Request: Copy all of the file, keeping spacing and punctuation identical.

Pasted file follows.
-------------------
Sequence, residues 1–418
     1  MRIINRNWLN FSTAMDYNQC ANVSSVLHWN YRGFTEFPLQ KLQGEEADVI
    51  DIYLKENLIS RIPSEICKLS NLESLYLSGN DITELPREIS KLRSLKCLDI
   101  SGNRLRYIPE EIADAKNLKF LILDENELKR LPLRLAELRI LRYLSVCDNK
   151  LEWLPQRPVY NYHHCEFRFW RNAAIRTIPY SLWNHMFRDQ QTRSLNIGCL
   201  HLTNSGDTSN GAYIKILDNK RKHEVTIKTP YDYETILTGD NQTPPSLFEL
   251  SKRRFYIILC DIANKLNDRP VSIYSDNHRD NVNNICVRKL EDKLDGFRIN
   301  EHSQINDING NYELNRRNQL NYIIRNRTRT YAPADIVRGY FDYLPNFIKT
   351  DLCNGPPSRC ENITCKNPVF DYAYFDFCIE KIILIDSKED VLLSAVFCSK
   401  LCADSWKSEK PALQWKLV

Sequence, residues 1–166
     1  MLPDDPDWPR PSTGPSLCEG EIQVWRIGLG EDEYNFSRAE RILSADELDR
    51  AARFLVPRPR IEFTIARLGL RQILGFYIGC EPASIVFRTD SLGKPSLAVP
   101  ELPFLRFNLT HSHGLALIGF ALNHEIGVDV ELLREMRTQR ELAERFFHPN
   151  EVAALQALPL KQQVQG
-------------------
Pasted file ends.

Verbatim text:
Sequence, residues 1–418
     1  MRIINRNWLN FSTAMDYNQC ANVSSVLHWN YRGFTEFPLQ KLQGEEADVI
    51  DIYLKENLIS RIPSEICKLS NLESLYLSGN DITELPREIS KLRSLKCLDI
   101  SGNRLRYIPE EIADAKNLKF LILDENELKR LPLRLAELRI LRYLSVCDNK
   151  LEWLPQRPVY NYHHCEFRFW RNAAIRTIPY SLWNHMFRDQ QTRSLNIGCL
   201  HLTNSGDTSN GAYIKILDNK RKHEVTIKTP YDYETILTGD NQTPPSLFEL
   251  SKRRFYIILC DIANKLNDRP VSIYSDNHRD NVNNICVRKL EDKLDGFRIN
   301  EHSQINDING NYELNRRNQL NYIIRNRTRT YAPADIVRGY FDYLPNFIKT
   351  DLCNGPPSRC ENITCKNPVF DYAYFDFCIE KIILIDSKED VLLSAVFCSK
   401  LCADSWKSEK PALQWKLV

Sequence, residues 1–166
     1  MLPDDPDWPR PSTGPSLCEG EIQVWRIGLG EDEYNFSRAE RILSADELDR
    51  AARFLVPRPR IEFTIARLGL RQILGFYIGC EPASIVFRTD SLGKPSLAVP
   101  ELPFLRFNLT HSHGLALIGF ALNHEIGVDV ELLREMRTQR ELAERFFHPN
   151  EVAALQALPL KQQVQG